Thank you, Murray, and good morning, everyone. I would now like to walk through the details of the Q2 P&L and balance sheet attached to this morning's press release. I should note that there are also some explanatory financial charts on our website for additional clarity. Moving now to our second-quarter results.

Consolidated reported net sales were $1.15 billion in Q2, 3% lower than for the same quarter last year. Consolidated adjusted net sales were 1% higher in Q2 than in the same quarter last year, after excluding adverse foreign currency movements, the animal health business held for sale in Q2 and then divested at the beginning of Q3, and the infant foods business that we exited at the end of last year. Consolidated reported net income for the quarter was $9 million, and reported EPS was $0.07 per share. Adjusted net income for the quarter was $117 million, and adjusted EPS was $0.86 a share.

Total adjustments in the quarter amounted to $108 million. We had $74 million of amortization expense, primarily related to previously acquired intangible assets and a $28 million impairment charge of a certain definite-lived asset in our RX business. We also incurred $12 million in restructuring charges, primarily due to the reorganization of our sales force in France, as well as an $8 million adjustment for a combination of accounting and operational expenses, primarily related to the planned separation of the RX business, plus $3 million of other smaller adjustments, all partially offset by a $17 million non-GAAP tax adjustment. These adjustments can be found delineated in more detail in the non-GAAP reconciliation table attached to this morning's press release.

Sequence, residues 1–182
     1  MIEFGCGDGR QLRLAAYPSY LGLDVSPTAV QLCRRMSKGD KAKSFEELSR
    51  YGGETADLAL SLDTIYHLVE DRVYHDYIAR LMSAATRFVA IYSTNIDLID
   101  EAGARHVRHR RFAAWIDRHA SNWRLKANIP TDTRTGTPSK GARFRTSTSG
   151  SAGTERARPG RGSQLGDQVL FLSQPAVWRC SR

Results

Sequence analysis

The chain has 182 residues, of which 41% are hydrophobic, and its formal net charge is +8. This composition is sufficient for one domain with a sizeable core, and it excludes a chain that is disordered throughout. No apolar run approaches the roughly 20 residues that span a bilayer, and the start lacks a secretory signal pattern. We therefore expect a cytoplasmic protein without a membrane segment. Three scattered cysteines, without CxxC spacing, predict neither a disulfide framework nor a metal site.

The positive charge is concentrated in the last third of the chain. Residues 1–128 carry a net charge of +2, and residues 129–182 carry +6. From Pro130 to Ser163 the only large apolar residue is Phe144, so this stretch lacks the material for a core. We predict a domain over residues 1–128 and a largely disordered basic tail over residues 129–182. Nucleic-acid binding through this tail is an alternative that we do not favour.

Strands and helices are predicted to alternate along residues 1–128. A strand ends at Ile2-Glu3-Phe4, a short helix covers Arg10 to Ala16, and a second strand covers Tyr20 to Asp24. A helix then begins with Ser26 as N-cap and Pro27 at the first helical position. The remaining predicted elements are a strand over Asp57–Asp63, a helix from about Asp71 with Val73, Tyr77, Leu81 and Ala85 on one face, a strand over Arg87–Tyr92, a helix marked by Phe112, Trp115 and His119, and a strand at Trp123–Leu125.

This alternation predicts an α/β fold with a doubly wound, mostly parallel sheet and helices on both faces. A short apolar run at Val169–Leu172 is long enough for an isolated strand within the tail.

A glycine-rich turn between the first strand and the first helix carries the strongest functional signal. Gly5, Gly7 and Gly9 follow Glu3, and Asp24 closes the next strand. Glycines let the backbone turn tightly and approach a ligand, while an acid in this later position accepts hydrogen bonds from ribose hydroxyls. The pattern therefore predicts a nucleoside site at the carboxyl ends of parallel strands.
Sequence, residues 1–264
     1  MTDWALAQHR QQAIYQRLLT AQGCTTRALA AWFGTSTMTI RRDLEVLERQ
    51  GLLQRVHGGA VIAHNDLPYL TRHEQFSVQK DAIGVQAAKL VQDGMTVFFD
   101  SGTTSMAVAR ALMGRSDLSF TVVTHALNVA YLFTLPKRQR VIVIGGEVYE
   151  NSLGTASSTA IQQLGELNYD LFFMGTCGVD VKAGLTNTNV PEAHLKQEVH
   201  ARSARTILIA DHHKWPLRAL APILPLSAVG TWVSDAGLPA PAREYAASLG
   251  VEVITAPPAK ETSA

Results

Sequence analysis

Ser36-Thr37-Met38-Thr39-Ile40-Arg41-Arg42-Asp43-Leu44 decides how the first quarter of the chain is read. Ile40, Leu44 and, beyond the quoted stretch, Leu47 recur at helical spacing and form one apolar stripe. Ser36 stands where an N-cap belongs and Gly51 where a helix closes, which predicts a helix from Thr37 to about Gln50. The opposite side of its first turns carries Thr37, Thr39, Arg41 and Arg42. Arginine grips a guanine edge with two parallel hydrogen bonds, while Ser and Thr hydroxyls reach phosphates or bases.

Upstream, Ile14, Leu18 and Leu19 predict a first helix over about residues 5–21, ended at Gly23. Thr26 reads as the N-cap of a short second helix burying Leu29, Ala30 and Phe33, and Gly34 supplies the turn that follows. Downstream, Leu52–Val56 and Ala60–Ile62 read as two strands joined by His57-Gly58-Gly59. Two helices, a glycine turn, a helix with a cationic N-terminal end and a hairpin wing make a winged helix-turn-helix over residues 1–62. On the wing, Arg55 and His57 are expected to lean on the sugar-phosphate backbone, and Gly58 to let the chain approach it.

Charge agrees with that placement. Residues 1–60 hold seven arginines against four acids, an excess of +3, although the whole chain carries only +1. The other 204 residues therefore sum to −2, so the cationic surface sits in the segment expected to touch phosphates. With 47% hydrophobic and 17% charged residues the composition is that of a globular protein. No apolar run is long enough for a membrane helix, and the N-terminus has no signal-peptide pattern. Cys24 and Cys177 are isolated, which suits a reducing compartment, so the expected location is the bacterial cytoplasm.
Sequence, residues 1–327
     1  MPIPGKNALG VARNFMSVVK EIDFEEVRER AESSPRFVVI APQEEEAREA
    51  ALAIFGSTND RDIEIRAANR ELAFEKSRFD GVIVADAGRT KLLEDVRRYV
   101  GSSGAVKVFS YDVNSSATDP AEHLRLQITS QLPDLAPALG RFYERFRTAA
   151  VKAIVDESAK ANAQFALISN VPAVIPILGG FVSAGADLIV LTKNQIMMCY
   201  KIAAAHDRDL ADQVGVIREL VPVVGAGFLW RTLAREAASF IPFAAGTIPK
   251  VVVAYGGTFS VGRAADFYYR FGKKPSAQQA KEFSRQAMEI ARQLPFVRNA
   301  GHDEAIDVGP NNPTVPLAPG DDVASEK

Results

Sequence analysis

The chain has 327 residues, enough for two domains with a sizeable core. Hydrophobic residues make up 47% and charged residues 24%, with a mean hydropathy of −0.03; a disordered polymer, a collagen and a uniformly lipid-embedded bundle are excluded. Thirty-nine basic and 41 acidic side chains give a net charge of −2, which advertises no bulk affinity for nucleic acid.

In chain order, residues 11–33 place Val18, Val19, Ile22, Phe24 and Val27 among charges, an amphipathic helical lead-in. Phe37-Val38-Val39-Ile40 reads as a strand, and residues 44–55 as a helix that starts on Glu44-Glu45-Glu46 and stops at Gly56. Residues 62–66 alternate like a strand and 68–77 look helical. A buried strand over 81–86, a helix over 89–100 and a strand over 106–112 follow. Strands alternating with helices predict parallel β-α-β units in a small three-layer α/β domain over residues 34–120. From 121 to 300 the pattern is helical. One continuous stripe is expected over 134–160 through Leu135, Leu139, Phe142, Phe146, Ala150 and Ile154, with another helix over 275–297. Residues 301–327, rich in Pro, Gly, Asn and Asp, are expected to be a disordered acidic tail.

Our reported effective tax rate was unusually high for this quarter at 67%, driven by the RX impairment charge of $28 million in the quarter that was not tax deductible. Adding this impairment charge back to our adjusted pre-tax income increased the denominator of the adjusted tax rate formula with no change to tax expense. This was the primary reason for the reduction on our adjusted effective tax rate to 23.1%. In Q2, worldwide consumer reported net sales of $910 million, 5% lower than for the same quarter last year.

Worldwide consumer adjusted net sales were flat as compared to the same quarter last year, excluding the impacts of adverse foreign currency movements, the held-for-sale animal health business and the infant foods business that we exited at the end of last year. Total new product sales of $38 million and strong volume in our core U.S. OTC business were more than offset by lower sales volumes in our international segment. CSCA reported net sales of $582 million in Q2, down 2.5% from the prior year.